Using a lump sum
Can you simply take out a lump sum of money from your pension? What are the implications and what should you think about? Whether you can take a lump sum directly from your pension will depend on if you have a Defined Contribution or Defined Benefit scheme. How much you take, and when you take it, will have an implication for the tax you may have to pay on that money.
So how much can I take out, tax-free?
Up to 25% of your pension can be taken out as a lump sum, tax free. So if your fund is worth £100,000, you should be able to take £25,000 out. There are some circumstances in which the tax free cash may be more or less than the normal 25% – an older defined benefit scheme may calculate tax free cash differently, for example.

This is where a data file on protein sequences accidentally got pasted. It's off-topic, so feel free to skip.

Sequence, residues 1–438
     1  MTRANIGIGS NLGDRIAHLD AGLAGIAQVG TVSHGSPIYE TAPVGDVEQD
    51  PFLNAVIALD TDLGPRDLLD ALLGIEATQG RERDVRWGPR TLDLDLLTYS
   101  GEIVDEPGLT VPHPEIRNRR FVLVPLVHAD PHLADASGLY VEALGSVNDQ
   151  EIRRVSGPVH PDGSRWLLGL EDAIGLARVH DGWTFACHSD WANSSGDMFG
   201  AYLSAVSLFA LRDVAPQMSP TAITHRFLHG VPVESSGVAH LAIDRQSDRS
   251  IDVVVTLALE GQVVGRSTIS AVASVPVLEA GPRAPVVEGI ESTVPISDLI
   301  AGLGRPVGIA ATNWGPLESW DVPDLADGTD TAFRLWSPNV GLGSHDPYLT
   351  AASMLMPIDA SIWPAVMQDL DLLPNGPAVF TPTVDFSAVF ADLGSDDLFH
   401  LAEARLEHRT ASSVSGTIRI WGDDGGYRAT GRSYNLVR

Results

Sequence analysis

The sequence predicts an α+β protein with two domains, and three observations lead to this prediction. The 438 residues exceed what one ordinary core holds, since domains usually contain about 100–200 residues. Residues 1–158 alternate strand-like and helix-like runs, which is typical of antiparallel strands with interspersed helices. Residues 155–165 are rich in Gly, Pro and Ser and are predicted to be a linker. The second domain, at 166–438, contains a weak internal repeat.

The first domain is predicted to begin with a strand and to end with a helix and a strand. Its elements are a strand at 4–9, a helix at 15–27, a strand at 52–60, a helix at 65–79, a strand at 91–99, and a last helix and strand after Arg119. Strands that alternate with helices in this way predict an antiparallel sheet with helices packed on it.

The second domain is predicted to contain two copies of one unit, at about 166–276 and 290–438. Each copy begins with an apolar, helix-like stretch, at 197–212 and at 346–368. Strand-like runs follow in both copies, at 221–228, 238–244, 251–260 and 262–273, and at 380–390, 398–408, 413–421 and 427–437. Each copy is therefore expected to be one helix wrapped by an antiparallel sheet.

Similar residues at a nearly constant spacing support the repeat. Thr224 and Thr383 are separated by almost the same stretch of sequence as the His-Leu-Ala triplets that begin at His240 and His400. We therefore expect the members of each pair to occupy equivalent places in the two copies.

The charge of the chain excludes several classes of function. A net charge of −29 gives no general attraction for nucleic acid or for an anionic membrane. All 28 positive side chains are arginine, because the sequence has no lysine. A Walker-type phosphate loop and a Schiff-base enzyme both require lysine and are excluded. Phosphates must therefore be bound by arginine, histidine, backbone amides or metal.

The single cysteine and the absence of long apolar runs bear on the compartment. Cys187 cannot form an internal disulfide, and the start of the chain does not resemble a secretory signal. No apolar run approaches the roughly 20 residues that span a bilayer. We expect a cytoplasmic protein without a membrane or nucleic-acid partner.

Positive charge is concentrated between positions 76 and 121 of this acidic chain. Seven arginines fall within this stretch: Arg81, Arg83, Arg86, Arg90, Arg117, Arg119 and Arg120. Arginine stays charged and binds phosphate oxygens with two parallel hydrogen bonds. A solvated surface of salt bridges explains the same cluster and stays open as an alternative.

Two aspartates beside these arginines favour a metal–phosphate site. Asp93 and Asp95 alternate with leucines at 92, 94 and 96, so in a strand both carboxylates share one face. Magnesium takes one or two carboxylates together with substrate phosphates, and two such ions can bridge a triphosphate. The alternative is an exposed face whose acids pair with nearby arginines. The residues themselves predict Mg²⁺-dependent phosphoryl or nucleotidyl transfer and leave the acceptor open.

When can I take the money out?
You can usually take the tax free money out at any time after 55, whether you retire or not.
Is there any reason why I wouldn’t take the whole 25% tax free?
Much depends on your plans for the future. If you’re in a defined contribution plan, you may want to take as much as you can. Otherwise, in a defined benefits scheme, you’ll be bound by the ‘commutation rate’: a rate at which the company will exchange pension for cash.
So, if your company offers you a commutation rate of 15:1, for example, then for every £15 of cash you take you’ll lose £1 of pension. It’s difficult to know whether that’s a good deal without knowing exactly what benefits the scheme provides.
This is a complex issue. If you’re concerned about this, you should seek professional financial advice.
What if I want to take more than 25% out?
While the 25% of your defined contribution pension that you can take as a lump sum is tax free, anything above this is treated as earned income and taxable. So basically, the 25% will be tax free, but anything over this will be taxed accordingly.